This section is from the book "Botanic Drugs Their Materia Medica, Pharmacology and Therapeutics", by Thomas S. Blair. Also available from Amazon: Botanic Drugs, Their Materia Medica, Pharmacology and Therapeutics.
Spurred Rye, the sclerotium of Claviceps purpurea. Universally official. Ergotoxine, the active principle, may produce gangrene and degenerative nerve-tissue changes, with impaired intelligence and contractures of the limbs. Ergot also contains amines, formed by the putrefaction of proteins by bacterial action. There is also a small amount of acetyl-choline.
Ergotoxine has an action of the curare type, but variously influences different animal species. In the human species ergot stimulates uterine contraction and may produce peripheral gangrene. Arterial and plain muscle are little influenced, if at all. There is also a toxic action, noted in the previous paragraph.
The amines - there are two of them - have an adrenalin action, but much weaker than adrenalin; they cause a rise of blood-pressure due to arterial constriction and cardio-acceleration. Plain muscle is stimulated by the amine existing in smallest amount; and it may induce anaphylactic shock similar to that produced by the injection of foreign protein in the form of decoctions of animal organs. This raises the interesting, but as yet unsolved, question of the effects upon the human organism of the injection of vegetable protein.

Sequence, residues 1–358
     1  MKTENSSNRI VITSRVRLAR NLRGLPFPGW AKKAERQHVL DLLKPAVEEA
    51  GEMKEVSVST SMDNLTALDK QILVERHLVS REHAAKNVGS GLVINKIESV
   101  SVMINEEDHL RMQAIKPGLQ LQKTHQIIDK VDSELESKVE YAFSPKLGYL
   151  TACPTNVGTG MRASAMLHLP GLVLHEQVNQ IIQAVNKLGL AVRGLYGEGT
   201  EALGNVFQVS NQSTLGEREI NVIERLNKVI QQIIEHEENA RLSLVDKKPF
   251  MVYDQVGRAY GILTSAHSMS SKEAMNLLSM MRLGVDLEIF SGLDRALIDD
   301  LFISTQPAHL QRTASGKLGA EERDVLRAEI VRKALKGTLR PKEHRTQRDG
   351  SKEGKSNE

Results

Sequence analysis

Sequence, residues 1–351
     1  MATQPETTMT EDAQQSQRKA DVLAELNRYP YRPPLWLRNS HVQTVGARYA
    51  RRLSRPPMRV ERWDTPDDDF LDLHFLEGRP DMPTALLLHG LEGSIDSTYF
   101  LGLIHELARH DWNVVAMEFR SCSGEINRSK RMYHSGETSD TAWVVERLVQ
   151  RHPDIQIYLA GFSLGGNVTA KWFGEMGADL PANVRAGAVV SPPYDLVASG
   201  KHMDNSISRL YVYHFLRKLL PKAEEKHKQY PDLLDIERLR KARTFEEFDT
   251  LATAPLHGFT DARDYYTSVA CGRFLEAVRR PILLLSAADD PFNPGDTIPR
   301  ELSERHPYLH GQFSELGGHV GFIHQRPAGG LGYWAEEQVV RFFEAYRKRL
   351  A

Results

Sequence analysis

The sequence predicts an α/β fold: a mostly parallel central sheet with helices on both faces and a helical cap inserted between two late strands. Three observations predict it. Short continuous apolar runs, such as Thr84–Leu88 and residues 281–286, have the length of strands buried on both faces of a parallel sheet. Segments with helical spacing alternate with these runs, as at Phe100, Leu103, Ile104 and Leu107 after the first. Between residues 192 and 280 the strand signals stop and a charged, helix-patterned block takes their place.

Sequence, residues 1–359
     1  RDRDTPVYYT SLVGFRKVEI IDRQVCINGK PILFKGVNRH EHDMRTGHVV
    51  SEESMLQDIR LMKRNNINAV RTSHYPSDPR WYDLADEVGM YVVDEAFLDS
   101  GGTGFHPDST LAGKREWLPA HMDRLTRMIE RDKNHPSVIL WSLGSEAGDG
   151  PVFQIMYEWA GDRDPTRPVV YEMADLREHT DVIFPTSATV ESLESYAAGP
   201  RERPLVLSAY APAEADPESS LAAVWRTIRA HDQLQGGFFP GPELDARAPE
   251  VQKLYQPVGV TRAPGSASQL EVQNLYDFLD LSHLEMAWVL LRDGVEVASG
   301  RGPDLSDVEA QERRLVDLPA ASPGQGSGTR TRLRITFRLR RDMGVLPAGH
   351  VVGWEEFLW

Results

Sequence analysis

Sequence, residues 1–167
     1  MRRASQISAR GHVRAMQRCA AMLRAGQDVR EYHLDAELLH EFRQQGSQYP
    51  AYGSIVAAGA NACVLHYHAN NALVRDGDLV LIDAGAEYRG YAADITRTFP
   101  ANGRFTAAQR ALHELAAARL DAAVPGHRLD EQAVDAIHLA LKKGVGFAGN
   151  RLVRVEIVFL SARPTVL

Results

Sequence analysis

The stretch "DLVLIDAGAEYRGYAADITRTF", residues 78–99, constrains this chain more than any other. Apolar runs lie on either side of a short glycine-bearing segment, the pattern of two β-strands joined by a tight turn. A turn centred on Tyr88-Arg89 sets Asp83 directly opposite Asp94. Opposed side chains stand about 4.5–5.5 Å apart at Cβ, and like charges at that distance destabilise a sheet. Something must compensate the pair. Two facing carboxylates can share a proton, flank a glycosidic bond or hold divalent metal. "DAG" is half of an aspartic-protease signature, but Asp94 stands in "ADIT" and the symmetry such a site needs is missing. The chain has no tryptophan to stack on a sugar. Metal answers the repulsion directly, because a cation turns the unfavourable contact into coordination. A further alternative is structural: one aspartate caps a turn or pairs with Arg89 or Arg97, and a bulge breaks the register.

Ergot stimulates contraction of the uterine muscle, rendering it highly useful in post-partum hemorrhage. The drug is little used except in the third stage of labor, pituitrin being preferable in facilitating labor in uterine inertia. One must be careful not to induce hour-glass contraction and thus incarcerate the secundines. The technic of ergot employment is so fully presented in works on obstetrics that details may be omitted here.
In shock ergot does not serve so well as does strychnine, as it is too slow in action. There is no rational basis for its use in enuresis and chorea.
Hemorrhage, other than post-partum, is not well met with ergot; it causes no greater vasoconstriction at the bleeding point than elsewhere, and certainly it is not wise to raise blood-pressure in hemorrhage. Ergot has a theoretical value in the treatment of aneurism and to promote the absorption of effusions and slight blood-clots involving the brain cortex. Ergot formerly had some vogue in the treatment of recurring mania and other neural affections; but there is no definite data in support of these contentions.
As an abortifacient ergot has enjoyed a dubious and largely unmerited notoriety. Unless dangerous doses are given - doses large enough to poison the fetus and seriously endanger the woman - it seldom induces abortion. Its vogue in this direction is probably due to the fact that other agents are usually administered with it by those resorting to the desperate expedient of criminal abortion.
Fluidextract, average dose 30 minims; wine, 2 fluidrachms. The active principles are inferior to ergot itself. All ergot products should be assayed and physiologically standardized. Cornu-tol is adopted to hypodermic use in doses of 10 to 30 minims; twice as much by mouth. The product is standardized and dated. Ergotinine Citrate is given in doses of 1-200 to 1-100 grain hypoder-mically. Secacornin, a solution of the active principles, is given by intramuscular injection in doses of 8 to 15 minims. Ergotole is given in 5- to 20-minim doses, and may be used hypodermically. Many firms put ergot in ampules ready for hypodermic use. Ergone is preserved with chloretone and is used in doses of 10 to 60 minims. Ergot is practically inert externally applied.